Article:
Minimize Taxes. There are a number of strategies that can be used to minimize taxes being imposed on your heirs. While the federal estate tax exemption is $11.4 million per individual, states have estate taxes.  An estate planning attorney can help you minimize the tax impact of your estate.

Care for Minor Children. Families with minor children need a plan for care, if both parents should pass away. Without a will that names a guardian for young children, the court will appoint a guardian to raise a child. With a will, you can prevent the scenario of relatives squabbling over who should get custody of minor children.

Distributing Assets. If you have a will, you can say who you want to get what assets. If you don’t, the laws of your state will determine who gets what. You can also use trusts to control how and when assets are distributed, in case there are heirs who are unable to manage money.

Plan for Pets. In many states, you can create a Pet Trust and name a trustee to manage the money, while naming someone in your will who will be in charge of caring for your pet. Seniors are often reluctant to get a pet, because they are concerned that they will die before the pet. However, with an estate plan that includes a pet trust, you can protect your pet.

Reference: U.S. News & World Report (October 18, 2019) “5 Reasons to Make an Estate Plan”

Suggested Key Terms: Estate Plan, Pet Trust, Asset Distribution, Beneficiaries, Minor Children, Guardian, Probate

Power of Attorney: Why You’re Never Too Young

When that time comes, having a power of attorney is a critical document to have. The power of attorney is among a handful of estate planning documents that help with decision making when a person is too ill, injured or lacks the mental capacity to make their own decisions. The article, “Why you’re never too young for a power of attorney” from Lancaster Online, explains what these documents are, and what purpose they serve.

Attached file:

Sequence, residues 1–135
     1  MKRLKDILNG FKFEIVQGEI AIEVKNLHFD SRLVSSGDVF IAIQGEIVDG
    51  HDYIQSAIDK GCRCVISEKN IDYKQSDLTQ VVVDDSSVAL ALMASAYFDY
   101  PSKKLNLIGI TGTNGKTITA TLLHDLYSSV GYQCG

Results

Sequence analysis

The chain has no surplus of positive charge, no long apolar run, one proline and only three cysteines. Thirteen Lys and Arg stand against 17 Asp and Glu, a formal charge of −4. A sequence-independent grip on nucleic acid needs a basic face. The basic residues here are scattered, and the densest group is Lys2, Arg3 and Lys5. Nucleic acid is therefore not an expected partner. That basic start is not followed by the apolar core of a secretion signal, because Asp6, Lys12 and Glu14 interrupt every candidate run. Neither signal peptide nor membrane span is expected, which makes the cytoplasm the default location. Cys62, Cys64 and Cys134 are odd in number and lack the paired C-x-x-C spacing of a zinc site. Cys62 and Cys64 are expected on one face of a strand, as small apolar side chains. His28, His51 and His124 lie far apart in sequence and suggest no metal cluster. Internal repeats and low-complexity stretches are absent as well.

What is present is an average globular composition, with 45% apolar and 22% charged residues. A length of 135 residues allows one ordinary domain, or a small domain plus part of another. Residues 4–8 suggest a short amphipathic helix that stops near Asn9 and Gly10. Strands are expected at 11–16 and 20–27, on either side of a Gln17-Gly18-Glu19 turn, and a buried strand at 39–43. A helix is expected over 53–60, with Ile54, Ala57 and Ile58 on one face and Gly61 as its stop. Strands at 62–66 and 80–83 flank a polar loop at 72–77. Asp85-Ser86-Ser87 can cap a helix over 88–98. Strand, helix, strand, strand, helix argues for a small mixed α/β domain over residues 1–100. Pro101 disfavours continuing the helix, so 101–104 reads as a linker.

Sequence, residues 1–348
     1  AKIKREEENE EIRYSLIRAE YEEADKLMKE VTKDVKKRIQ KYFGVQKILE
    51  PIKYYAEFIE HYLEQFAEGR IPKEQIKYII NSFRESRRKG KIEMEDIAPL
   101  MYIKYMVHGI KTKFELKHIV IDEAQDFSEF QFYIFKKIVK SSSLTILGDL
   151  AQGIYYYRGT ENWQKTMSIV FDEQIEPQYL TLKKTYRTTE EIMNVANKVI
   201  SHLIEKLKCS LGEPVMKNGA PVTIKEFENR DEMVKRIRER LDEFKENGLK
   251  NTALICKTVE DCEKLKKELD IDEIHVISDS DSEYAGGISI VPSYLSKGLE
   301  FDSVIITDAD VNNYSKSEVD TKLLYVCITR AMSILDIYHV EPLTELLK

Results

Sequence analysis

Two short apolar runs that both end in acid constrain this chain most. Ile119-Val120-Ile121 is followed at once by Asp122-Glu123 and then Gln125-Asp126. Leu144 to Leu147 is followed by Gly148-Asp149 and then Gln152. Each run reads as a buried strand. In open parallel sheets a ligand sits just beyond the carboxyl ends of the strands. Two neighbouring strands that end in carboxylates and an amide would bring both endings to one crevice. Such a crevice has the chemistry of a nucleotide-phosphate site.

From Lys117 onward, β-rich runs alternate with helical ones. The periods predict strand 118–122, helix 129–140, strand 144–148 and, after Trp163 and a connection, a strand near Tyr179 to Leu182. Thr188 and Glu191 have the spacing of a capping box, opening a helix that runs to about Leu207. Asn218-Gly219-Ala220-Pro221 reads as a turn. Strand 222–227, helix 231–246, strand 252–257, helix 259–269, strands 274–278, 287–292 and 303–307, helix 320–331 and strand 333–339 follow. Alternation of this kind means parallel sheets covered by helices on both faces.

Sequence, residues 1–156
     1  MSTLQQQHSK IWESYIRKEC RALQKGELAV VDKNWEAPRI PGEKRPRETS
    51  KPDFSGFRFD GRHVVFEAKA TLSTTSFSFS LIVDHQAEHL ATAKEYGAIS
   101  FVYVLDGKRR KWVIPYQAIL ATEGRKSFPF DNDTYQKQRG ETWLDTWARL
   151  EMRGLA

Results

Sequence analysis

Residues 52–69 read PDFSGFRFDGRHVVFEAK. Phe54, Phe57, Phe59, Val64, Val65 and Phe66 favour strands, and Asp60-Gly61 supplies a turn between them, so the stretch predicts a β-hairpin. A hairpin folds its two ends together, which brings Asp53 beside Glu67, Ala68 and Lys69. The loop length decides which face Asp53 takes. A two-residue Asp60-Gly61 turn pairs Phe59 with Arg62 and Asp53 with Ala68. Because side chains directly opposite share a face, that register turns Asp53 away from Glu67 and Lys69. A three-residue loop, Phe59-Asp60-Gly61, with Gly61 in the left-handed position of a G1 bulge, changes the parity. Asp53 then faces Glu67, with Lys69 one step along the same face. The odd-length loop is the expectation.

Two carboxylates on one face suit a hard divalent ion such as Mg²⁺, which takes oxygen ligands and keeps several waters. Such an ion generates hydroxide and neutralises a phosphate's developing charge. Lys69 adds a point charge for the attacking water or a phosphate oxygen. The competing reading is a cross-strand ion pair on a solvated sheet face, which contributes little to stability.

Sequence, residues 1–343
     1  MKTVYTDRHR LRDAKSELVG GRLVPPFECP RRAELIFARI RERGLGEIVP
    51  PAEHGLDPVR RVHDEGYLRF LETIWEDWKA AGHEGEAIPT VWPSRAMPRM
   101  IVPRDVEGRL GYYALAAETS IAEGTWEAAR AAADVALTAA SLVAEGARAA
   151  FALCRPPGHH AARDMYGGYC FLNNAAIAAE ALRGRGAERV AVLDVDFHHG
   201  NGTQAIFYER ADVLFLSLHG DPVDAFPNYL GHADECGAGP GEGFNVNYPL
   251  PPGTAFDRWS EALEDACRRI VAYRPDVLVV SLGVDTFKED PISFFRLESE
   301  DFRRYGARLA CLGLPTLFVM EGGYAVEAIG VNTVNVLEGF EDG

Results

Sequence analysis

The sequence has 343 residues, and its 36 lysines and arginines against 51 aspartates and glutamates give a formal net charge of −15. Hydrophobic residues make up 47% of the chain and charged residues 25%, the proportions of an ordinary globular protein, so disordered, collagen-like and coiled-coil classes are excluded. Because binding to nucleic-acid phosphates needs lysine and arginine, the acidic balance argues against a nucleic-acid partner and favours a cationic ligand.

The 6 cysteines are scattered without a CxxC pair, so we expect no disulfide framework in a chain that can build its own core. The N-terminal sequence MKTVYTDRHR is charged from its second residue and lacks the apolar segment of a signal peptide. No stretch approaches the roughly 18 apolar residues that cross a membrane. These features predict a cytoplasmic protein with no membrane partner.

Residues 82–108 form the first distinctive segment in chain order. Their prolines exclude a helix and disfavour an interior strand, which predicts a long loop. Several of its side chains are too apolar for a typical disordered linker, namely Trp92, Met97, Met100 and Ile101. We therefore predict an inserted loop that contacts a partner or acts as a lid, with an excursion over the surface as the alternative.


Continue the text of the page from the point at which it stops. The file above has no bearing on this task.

There are three basic power of attorney documents: financial, limited and health care.

You’re never too young or too old to have a power of attorney. If you don’t, a guardian must be appointed in a court proceeding, and they will make decisions for you. If the guardian who is appointed does not know you or your family, they may make decisions that you would not have wanted. Anyone over the age of 18 should have a power of attorney.

It’s never too early, but it could be too late. If you become incapacitated, you cannot sign a POA. Then your family is faced with needing to pursue guardianship and will not have the ability to make decisions on your behalf until that’s in place.

You’ll want to name someone you trust implicitly and who is also going to be available to make decisions when time is an issue.

For a medical or healthcare power of attorney, it is a great help if the person lives nearby and knows you well. For a financial power of attorney, the person may not need to live nearby, but they must be trustworthy and financially competent.

Always have back-up agents, so if your primary agent is unavailable or declines to serve, you have someone who can step in on your behalf.

You should also work with an estate planning attorney to create the power of attorney you need. You may want to assign select powers to a POA, like managing certain bank accounts but not the sale of your home, for instance. An estate planning attorney will be able to tailor the POA to your exact needs. They will also make sure to create a document that gives proper powers to the people you select. You want to ensure that you don’t create a POA that gives someone the ability to exploit you.

Any of the POAs you have created should be updated on a fairly regular basis. Over time, laws change, or your personal situation may change. Review the documents at least annually to be sure that the people you have selected are still the people you want taking care of matters for you.

Most important of all, don’t wait to have a POA created. It’s an essential part of your estate plan, along with your last will and testament.  Our Homer Glen estate planning lawyers are here for you and your family.  May we help you?  Book a Call!

Reference: Lancaster Online (May 15, 2019) “Why you’re never too young for a power of attorney”